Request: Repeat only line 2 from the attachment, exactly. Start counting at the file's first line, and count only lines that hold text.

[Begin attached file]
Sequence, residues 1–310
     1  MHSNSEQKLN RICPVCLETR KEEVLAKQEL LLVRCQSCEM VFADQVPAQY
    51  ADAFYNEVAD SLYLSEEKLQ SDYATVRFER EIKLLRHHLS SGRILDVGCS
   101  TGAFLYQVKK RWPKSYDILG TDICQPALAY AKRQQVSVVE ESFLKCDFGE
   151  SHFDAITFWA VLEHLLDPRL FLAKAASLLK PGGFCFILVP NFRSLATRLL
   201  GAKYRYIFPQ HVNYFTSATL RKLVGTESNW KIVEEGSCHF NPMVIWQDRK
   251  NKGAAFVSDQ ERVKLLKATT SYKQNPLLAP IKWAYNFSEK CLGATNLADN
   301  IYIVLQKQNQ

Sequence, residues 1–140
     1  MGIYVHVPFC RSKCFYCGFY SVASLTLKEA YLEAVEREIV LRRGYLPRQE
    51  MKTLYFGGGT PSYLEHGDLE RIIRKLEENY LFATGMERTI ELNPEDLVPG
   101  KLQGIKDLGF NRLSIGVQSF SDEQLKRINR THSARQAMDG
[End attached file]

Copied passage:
     1  MHSNSEQKLN RICPVCLETR KEEVLAKQEL LLVRCQSCEM VFADQVPAQY